Here’s a most insightful excerpt from another great commentary on the ‘I will hide that I will hide’ text (Deut 31:18) in last weeks Torah Portion:
“This world is like a cosmic game of hide-and-seek. We are given an invitation to this world; the invitation is called life. This invitation itself is a challenge: Who brought us here? Who sustains us here? What are we doing here?
To make the game more challenging and our success more meaningful and rewarding, there are various distractions and “false leads” which can take us away from the game. But our “Host” has not left us without a “crib sheet” to help us navigate this ultimate virtual adventure. He has provided a clear manual that is guaranteed to allow us to unmask Him and the purpose of our existence. This manual is called the Torah.
When we keep the Torah we see our “Host” more and more clearly. But if we don’t keep the Torah, He will hide himself more and more deeply, and finding Him will be very difficult indeed.
“I will surely hide My face.”
In the Hebrew language, the emphatic “to surely do” something is expressed by the repetition of the verb. In other words, the literal translation of the phrase “I will surely hide My face” is “Hide, I will hide My face.”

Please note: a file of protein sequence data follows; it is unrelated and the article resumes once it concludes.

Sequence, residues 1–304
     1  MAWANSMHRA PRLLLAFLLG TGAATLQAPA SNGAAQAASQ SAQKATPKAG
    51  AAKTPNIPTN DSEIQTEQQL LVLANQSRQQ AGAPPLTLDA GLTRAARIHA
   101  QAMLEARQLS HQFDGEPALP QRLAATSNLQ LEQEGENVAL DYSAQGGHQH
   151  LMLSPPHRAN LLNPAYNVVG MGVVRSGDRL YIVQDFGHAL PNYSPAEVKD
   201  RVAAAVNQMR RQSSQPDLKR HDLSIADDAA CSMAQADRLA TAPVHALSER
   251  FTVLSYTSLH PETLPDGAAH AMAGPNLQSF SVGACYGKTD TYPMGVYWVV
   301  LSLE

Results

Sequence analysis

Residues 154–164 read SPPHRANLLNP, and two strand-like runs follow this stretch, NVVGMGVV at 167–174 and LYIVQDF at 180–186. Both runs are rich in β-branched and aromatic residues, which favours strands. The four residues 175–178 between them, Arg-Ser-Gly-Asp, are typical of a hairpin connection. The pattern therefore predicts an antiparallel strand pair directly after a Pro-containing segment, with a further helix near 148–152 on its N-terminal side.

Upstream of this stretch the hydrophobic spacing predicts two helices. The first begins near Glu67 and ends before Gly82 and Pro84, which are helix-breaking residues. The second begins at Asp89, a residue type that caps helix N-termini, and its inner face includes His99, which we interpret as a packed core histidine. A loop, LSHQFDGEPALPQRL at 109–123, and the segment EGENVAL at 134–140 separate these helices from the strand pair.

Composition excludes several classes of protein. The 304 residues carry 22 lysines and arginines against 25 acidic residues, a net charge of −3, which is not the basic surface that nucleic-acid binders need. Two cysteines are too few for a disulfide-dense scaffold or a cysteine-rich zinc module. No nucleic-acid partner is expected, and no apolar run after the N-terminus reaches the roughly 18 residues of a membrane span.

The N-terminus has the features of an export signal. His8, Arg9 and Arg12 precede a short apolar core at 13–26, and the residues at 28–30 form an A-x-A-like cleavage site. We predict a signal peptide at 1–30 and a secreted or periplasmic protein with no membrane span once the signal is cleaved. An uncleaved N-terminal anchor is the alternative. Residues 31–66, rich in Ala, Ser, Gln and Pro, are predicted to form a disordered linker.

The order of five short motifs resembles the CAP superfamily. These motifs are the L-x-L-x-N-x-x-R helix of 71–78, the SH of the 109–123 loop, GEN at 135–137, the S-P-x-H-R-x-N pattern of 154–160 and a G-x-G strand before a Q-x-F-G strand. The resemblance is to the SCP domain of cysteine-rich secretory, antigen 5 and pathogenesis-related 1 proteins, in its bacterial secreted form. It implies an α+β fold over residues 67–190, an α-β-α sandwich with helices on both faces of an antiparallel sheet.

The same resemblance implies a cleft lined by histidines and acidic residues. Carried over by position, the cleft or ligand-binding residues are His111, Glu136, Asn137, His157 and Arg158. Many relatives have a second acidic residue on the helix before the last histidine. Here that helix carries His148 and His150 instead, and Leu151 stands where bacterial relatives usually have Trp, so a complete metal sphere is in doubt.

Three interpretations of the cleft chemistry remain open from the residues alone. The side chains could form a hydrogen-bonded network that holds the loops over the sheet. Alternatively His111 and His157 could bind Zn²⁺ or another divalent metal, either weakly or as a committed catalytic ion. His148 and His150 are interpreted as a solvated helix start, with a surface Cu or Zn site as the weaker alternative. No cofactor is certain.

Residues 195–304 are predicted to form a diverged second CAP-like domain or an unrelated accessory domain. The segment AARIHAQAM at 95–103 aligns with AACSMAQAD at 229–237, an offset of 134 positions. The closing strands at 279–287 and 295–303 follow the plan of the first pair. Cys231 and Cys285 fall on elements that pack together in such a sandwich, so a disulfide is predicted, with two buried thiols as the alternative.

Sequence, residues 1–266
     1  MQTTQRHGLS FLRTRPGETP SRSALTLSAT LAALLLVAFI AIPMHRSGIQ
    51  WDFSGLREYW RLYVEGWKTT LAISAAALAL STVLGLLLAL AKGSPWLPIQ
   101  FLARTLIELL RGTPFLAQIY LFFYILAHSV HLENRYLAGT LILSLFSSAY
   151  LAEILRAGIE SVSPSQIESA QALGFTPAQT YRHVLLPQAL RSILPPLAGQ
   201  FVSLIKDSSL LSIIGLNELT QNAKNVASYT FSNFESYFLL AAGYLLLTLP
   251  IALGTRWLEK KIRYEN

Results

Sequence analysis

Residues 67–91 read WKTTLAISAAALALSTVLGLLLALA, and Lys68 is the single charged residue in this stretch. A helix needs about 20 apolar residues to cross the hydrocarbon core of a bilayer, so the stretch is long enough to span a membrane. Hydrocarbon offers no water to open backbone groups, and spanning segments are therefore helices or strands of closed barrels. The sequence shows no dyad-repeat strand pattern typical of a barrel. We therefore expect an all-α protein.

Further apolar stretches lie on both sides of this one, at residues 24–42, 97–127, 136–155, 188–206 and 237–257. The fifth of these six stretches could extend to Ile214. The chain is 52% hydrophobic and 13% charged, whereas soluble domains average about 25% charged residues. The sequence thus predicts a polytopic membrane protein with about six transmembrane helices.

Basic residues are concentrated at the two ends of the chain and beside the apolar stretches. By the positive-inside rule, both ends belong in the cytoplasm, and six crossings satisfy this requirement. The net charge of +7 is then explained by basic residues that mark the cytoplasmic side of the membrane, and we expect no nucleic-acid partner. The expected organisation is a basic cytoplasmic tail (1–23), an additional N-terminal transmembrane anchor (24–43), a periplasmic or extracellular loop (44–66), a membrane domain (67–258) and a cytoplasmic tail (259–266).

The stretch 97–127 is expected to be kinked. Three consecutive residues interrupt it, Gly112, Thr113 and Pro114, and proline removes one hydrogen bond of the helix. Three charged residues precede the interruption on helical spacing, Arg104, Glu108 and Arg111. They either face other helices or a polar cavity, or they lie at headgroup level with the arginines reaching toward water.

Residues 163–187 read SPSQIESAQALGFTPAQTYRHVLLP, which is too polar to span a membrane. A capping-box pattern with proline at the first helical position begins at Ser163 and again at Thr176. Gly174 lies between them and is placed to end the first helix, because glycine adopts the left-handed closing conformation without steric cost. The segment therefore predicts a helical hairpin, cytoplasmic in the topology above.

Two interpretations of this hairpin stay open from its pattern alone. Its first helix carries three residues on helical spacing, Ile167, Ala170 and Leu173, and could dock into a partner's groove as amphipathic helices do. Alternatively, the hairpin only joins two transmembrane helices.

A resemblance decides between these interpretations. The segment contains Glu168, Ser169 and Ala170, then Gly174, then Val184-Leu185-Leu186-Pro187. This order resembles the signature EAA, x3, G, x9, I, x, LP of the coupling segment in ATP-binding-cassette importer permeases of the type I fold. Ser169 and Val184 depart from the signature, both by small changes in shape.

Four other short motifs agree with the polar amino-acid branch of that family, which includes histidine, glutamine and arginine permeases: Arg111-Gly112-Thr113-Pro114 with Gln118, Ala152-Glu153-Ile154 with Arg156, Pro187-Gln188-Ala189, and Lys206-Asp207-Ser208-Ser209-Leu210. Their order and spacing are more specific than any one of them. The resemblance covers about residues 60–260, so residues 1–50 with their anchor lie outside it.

The very structure of the Hebrew language gives us an insight into this “hiding.” There are two kinds of concealment. One is a concealment where you know someone is there but you just can’t see him. The other is a concealment where you don’t even know if he is there at all. In this second type, the very fact of his being hidden is concealed. This is the ultimate hiding, where the very hiding is hidden.
When we are aware that G-d has “hidden” from us, He is not really concealed, because we realize that our hiding from Him has been reciprocated by His hiding from us. And so, we humble ourselves and return to Him, imploring his forgiveness. However, when the hiding is itself hidden, and we think that this is the way the world is supposed to be, then we are in big trouble because nothing awakens us to return to G-d. We think to ourselves, “This is the way things are supposed to be, isn’t it?”
Ignorance, they say, is bliss. But only while we’re ignorant of our ignorance. One day we will all wake up in the real “Supreme” court and we will then have to pay the price for our years of “bliss.” On Yom Kippur we have a chance to shake ourselves out of our self-inflicted ignorance. A once-a-year opportunity to throw ourselves on the mercy of the King. If we search with all our hearts we will find Him.” – from Parshat Vayelech – by Rabbi Yaakov Asher Sinclair (a Torah scholar and photographer)